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Standard Deviation

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A number that measures how far data values are from their mean.
Provides a numerical measure of the overall amount of variation in a data set, and
Can be used to determine whether a particular data value is close to or far from the mean.

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The standard deviation is _____ when the data are all concentrated close to the mean, exhibiting little variation or spread.

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Small.

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The standard deviation is ______ when the data values are more spread out from the mean, exhibiting more variation.

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Larger.

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value = mean + (#ofSTDEV)(standard deviation)

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(#STDEV) does not need to be an integer.

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sample: x = xÂ¯ + (#ofSTDEV)(s)
Population: x=?+(#ofSTDEV)(?)

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The lower case letter s represents the sample standard deviation and the Greek letter ? (sigma, lower case) represents the population standard deviation.
The symbol xÂ¯ is the sample mean and the Greek symbol ? is the population mean.

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If x is a number, then the difference "x - mean" is called its ___.

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Deviation.

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Variance

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The average of the squares of the deviations (the x - xÂ¯ values for a sample, or the x - ? values for a population).

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How much the statistic varies from one sample to another is known as the ____ _____ of a statistic.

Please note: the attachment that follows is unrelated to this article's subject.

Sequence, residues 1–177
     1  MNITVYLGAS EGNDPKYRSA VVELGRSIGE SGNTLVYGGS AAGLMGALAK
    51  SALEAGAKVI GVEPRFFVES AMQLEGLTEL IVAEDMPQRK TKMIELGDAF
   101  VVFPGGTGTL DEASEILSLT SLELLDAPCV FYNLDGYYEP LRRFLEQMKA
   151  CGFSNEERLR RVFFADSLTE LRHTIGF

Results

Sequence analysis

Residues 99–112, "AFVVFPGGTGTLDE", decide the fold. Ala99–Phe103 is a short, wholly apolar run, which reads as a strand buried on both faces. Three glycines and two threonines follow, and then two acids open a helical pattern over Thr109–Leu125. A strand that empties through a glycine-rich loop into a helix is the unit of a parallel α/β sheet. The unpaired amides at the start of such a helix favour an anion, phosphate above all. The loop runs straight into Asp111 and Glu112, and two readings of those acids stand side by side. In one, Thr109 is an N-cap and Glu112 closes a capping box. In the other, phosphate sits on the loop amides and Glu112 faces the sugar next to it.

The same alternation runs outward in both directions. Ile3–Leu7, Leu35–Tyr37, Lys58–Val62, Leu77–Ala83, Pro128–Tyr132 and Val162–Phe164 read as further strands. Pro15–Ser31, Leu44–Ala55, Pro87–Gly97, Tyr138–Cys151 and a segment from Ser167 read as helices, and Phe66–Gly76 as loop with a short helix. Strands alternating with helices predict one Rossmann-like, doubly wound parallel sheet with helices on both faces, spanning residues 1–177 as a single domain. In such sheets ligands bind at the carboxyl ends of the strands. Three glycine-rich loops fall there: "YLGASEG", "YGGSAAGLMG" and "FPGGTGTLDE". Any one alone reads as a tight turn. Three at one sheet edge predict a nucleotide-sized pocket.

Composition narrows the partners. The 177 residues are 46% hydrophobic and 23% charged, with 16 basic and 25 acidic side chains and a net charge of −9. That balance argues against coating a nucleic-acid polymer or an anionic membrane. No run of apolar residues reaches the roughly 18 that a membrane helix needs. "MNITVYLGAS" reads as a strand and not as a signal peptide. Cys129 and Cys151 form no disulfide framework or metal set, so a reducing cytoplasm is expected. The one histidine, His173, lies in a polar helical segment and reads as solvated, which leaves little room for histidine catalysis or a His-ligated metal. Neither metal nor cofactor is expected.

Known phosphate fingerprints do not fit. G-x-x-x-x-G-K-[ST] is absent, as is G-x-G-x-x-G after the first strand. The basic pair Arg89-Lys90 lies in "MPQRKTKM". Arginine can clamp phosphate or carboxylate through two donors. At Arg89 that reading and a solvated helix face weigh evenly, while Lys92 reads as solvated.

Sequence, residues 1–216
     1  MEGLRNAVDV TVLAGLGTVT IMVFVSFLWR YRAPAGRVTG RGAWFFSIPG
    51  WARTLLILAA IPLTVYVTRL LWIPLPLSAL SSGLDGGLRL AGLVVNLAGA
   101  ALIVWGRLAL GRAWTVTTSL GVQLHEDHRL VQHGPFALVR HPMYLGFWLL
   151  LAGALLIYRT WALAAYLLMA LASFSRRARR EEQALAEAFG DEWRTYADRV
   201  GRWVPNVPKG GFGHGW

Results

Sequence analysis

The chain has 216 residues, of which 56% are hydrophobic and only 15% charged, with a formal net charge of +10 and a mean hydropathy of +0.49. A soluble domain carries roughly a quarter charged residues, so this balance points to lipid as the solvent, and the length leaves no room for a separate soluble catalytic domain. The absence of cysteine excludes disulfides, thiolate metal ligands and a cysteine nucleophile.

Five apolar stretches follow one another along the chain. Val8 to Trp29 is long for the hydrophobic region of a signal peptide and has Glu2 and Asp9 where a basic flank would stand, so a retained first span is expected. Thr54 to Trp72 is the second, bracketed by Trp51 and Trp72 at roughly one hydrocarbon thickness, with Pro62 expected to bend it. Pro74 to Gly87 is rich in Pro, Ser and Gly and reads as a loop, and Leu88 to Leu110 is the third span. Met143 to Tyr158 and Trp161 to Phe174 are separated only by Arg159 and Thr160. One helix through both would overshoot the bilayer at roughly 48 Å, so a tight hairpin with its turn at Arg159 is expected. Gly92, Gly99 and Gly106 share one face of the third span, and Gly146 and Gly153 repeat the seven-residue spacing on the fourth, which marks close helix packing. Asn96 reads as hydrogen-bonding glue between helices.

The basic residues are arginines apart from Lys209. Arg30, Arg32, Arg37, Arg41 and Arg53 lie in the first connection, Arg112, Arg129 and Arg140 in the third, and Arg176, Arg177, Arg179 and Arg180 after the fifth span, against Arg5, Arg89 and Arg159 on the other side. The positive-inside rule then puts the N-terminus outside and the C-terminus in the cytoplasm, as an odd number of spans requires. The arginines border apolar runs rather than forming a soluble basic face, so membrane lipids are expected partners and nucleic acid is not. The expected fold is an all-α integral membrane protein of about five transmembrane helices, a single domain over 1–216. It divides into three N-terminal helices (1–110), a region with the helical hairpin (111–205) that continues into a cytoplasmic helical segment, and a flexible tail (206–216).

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Sampling variability.

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The standard error of the mean.

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Measures the sampling variability of a statistic.
An example of standard error.
It is a special standard deviation and is known as the standard deviation of the sampling distribution of the mean.

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The notation for the standard error of the mean is
?/?n

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Where ? is the standard deviation of the population and n is the size of the sample.

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If you add the deviations, the sum is always ____.

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Zero.

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By squaring the deviations, you make them positive numbers, and the sum will also be ____.

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Positive.

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#ofSTDEVs is often called a "___-_______"; we can use the symbol z.

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z-score.

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For ANY data set, no matter what the distribution of the data is:

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At least 75% of the data is within two standard deviations of the mean.
At least 89% of the data is within three standard deviations of the mean.
At least 95% of the data is within 4.5 standard deviations of the mean.
This is known as Chebyshev's Rule.

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For data having a distribution that is BELL-SHAPED and SYMMETRIC:

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Approximately 68% of the data is within one standard deviation of the mean.
Approximately 95% of the data is within two standard deviations of the mean.
More than 99% of the data is within three standard deviations of the mean.
This is known as the Empirical Rule.
It is important to note that this rule only applies when the shape of the distribution of the data is bell-shaped and symmetric. We will learn more about this when studying the "Normal" or "Gaussian" probability distribution in later chapters.